Today, because I spent last night exhausted and grumpy–it was one of those loooong days of mothering–I’m reposting what I wrote for Mother’s Day last year. As I reread this post, I was surprised that I had been thinking about earnestness vs “snarky emotionlessness” even then. Happy Mother’s Day to the mamas out there. Eat some chocolate and go to bed early, okay?
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Sunday is Mother’s Day. Chris’ step-mom just sent me a Mother’s Day letter her grandfather had written to his mother from a foxhole in World War I. It was so gentle hearted and earnest. He even told his “Mother dear” that come morning he would “steal out from my little dugout and take some fresh flowers with dew and I’ll wear them all day long and each time these little bells tinkle over my heart they will be chiming my love for you.”
Of course, our culture cringes at earnestness. I’m convinced that our ironic snarky emotionlessness is our greatest fault as a generation. I’m just as guilty as anyone in sarcastic love-showing. I’m much more comfortable telling a friend I love them and then adding in a little snide joke just so the love doesn’t get too uncomfortable.
But, there’s something in a mother’s heart that longs for her grown son, away at war in a foxhole, to pick some flowers (sprinkled with dew if possible) and wear them all day in her honor. Doesn’t that just choke your heart up a little?A couple of months ago I had a conversation with a friend who was sharing a little about the suicide of a close friend of his. It had been almost a year since his friend had died and he was contemplating calling the man’s mother. My friend said, “Micha, she must have such a feeling of rejection. To lose a child that way, even a grown one–must feel like all you gave was for nothing.”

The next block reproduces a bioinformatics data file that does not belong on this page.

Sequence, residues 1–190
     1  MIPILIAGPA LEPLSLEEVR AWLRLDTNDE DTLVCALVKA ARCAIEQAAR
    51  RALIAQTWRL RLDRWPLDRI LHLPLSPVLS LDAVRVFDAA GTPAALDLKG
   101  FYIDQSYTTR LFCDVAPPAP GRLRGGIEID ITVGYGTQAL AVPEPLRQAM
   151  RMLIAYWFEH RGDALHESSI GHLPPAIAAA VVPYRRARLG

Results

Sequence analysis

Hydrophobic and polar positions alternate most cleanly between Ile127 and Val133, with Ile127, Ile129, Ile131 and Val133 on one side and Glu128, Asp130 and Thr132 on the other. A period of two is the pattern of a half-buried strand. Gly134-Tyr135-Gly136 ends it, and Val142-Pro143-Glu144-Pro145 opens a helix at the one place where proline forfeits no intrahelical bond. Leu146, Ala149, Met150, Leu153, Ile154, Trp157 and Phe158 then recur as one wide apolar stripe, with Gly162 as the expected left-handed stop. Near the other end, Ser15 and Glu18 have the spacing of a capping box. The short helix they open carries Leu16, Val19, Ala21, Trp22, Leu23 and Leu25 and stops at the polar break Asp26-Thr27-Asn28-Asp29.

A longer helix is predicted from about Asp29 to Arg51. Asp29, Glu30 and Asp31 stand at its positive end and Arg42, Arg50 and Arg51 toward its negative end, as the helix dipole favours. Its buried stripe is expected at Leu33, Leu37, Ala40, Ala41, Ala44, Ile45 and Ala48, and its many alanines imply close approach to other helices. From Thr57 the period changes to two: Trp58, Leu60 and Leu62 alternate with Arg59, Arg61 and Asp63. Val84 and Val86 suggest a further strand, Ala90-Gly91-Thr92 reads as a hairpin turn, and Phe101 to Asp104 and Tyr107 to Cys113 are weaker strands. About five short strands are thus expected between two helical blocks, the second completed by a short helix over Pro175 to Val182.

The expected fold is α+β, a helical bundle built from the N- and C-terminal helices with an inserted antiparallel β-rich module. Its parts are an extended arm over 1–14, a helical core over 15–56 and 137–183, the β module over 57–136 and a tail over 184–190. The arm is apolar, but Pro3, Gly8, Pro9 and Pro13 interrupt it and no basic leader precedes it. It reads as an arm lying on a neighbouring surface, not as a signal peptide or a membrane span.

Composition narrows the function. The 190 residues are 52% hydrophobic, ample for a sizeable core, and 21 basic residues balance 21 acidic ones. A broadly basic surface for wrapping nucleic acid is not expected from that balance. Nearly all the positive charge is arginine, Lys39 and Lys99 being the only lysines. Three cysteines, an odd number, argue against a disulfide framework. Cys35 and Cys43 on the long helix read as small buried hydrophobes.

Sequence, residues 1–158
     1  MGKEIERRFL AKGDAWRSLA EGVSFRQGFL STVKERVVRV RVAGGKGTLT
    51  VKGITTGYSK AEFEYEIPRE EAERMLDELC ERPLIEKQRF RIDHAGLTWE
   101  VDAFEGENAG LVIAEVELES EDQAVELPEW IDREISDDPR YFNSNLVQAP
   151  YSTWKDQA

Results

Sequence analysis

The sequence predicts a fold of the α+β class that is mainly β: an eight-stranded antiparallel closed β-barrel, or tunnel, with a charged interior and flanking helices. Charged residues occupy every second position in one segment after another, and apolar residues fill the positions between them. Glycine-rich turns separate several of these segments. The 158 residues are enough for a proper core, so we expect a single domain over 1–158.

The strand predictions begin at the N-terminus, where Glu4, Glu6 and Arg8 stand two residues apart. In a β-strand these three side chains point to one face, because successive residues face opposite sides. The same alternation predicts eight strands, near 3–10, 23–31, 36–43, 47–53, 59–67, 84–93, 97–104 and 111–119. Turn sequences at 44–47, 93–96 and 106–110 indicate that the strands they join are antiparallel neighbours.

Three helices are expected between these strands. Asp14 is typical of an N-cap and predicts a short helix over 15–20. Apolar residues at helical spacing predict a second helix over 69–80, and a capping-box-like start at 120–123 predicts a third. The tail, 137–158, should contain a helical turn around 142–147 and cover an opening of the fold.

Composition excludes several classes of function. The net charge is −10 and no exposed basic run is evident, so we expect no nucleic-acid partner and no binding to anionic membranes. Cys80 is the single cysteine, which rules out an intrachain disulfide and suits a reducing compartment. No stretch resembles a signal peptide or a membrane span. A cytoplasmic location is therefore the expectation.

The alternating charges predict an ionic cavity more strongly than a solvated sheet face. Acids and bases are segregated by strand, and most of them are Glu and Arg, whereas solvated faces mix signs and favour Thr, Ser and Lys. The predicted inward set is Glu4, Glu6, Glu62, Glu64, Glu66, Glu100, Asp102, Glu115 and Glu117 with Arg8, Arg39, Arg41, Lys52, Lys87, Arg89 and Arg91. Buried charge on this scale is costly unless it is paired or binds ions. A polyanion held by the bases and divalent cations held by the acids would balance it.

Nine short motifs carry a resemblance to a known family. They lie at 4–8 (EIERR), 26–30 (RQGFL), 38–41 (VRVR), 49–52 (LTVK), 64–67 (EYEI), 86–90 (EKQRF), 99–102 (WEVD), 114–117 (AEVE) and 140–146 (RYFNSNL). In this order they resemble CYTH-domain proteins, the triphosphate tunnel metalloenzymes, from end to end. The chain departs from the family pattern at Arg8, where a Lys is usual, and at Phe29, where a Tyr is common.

That caught me off guard. I’d never gone farther in my mind than the immediate suffering of that kind of loss. I’d never considered how a mother might feel as though every thing she had provided for that child (his very life!) was not only unappreciated but rejected.
I looked at my friend and considered the process I was in (still am in) of teaching August to use the potty. I thought of the hours and days spent coaxing and convincing, of cleaning poop out of his underwear, the stories read and told on the potty, the stickers—all for what? To make him a man who can thrive in this world. To grow him up.
Of course, we don’t keep count of what we do for our children. It’s ridiculous and rarely even something we consider (except on really bad days!). But that thought hasn’t left me.
I don’t need my kids to thank me. What I long for is for them to take what I’ve given them and multiply it: I want them to give themselves away in service. I long for them to use the minds I’ve whispered the ABC’s into. I hope the hours we spend pretending will build them into men who create beautiful things. I’m teaching August to be kind to friends, to share, to introduce himself to someone new. My hope is that he’ll love people, hold tight to dear friendships, and forgive with sincerity.
And I hope that the moments I wait for him in the park while he picks and picks and picks flowers, off in some unknown toddler world, will result in the kind of grown son who picks early morning dew coated flowers in my honor on Mother’s Day, wherever he is: foxhole or not.